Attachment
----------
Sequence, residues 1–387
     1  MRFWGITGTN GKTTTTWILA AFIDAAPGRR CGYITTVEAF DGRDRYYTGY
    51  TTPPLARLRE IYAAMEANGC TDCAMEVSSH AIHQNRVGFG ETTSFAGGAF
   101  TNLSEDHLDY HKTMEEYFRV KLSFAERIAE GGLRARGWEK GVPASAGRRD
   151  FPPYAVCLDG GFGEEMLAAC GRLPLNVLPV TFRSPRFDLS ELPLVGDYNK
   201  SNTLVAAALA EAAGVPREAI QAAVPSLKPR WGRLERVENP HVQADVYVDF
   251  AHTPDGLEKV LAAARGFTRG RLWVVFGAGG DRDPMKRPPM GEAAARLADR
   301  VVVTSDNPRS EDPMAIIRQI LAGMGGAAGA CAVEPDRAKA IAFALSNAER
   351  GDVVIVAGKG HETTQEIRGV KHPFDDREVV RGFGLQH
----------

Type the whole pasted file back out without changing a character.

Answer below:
Sequence, residues 1–387
     1  MRFWGITGTN GKTTTTWILA AFIDAAPGRR CGYITTVEAF DGRDRYYTGY
    51  TTPPLARLRE IYAAMEANGC TDCAMEVSSH AIHQNRVGFG ETTSFAGGAF
   101  TNLSEDHLDY HKTMEEYFRV KLSFAERIAE GGLRARGWEK GVPASAGRRD
   151  FPPYAVCLDG GFGEEMLAAC GRLPLNVLPV TFRSPRFDLS ELPLVGDYNK
   201  SNTLVAAALA EAAGVPREAI QAAVPSLKPR WGRLERVENP HVQADVYVDF
   251  AHTPDGLEKV LAAARGFTRG RLWVVFGAGG DRDPMKRPPM GEAAARLADR
   301  VVVTSDNPRS EDPMAIIRQI LAGMGGAAGA CAVEPDRAKA IAFALSNAER
   351  GDVVIVAGKG HETTQEIRGV KHPFDDREVV RGFGLQH